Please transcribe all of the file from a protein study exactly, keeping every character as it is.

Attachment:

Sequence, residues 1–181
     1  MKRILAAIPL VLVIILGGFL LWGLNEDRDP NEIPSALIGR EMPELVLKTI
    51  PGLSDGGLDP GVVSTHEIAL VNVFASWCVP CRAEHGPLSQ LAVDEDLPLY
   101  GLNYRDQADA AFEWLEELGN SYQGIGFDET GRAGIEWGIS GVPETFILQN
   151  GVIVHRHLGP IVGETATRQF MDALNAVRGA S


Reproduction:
Sequence, residues 1–181
     1  MKRILAAIPL VLVIILGGFL LWGLNEDRDP NEIPSALIGR EMPELVLKTI
    51  PGLSDGGLDP GVVSTHEIAL VNVFASWCVP CRAEHGPLSQ LAVDEDLPLY
   101  GLNYRDQADA AFEWLEELGN SYQGIGFDET GRAGIEWGIS GVPETFILQN
   151  GVIVHRHLGP IVGETATRQF MDALNAVRGA S